In 2005, Jose Canseco blew the lid off Major League Baseball's steroid scandal -- and no one believed him. His New York Times bestselling memoir Juiced met a firestorm of criticism and outrage from the media, coaches, clubs, and players, many of whom Canseco had personally introduced to steroids -- with a needle in the ass. Baseball's former golden boy, Rookie of the Year, onetime Most Valuable Player, and owner of two World Series rings was called a liar.
Now, steroids are back in the headlines. Record-breaking athletes are falling from grace, and the infamous Mitchell Report confirmed the names of major leaguers who have indeed used steroids while others remain under investigation. The answer is clear: Jose Canseco told the truth. And why wouldn't he? He started it all.
Finally, in Vindicated, Canseco picks up where Juiced left off, revealing details even more shocking than in his controversial first book. He spills never-before-implicated names -- arguably the biggest in the game of baseball -- and explores the mystery of one celebrated player about whom key information was suddenly excised from Juiced at the last minute. He talks candidly about what the Mitchell Report did -- and didn't -- get right, why steroid use became so rampant, and how his life has changed since he tore the lid off Pandora's box.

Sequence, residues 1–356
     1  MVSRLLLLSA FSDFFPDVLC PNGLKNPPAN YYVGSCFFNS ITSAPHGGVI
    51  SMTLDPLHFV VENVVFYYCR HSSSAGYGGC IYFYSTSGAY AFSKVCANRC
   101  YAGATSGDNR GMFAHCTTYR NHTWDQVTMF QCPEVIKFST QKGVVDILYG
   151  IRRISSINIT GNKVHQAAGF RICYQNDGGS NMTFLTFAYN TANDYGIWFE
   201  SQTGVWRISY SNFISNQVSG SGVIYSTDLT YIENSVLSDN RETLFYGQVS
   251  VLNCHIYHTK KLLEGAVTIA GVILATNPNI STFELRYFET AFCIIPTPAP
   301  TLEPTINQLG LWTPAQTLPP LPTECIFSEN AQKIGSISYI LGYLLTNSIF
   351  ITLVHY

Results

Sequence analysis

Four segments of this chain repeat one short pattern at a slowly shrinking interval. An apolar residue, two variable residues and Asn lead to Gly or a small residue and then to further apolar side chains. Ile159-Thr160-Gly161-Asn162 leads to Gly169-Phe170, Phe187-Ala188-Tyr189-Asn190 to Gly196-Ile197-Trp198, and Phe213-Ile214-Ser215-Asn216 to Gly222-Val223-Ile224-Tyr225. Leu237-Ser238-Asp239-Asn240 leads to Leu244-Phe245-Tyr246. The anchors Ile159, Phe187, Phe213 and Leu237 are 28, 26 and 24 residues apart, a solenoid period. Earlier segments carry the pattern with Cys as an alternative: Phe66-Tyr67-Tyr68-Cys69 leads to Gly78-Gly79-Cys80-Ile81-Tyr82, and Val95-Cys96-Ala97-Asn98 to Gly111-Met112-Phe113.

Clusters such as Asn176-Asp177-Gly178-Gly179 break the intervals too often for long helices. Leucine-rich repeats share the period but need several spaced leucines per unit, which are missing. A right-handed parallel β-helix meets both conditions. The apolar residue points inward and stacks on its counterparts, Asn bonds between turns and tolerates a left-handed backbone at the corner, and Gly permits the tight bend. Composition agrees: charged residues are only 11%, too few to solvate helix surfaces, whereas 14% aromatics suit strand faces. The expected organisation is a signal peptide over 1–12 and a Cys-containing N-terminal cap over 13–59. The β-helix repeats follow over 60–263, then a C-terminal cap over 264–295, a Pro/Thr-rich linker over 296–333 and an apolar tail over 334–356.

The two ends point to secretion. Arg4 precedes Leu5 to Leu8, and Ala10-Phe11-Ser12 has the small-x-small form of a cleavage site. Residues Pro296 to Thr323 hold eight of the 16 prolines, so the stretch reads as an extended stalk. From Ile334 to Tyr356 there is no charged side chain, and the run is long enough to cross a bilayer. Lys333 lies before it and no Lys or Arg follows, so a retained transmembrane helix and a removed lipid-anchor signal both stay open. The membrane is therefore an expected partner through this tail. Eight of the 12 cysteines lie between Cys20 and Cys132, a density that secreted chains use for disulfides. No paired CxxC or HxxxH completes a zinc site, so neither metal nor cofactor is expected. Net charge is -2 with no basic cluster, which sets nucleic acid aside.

Lest there be any doubt about theveracity of his claims, Canseco subjected himself to three lie detector tests, one of which was conducted by a former FBI special agent and top polygraph examiner who investigated the Unabomber, Whitewater, the Oklahoma City bombing, and the 1993 bombing of the World Trade Center.
Transcripts of those taped interviews are also included in this straight-talking examination of the current state of baseball.
This time, he's not just out to clear his name. He's out to clean up the game.
Jose Canseco was born in Havana, Cuba, and immigrated to Miami with his family in the 1970s. He was drafted by the Oakland Athletics, eventually playing for seven different major-league teams, winning several awards, and hitting 462 home runs in his seventeen-year career. Today, Canseco lives a quiet life in California with his daughter, Josie.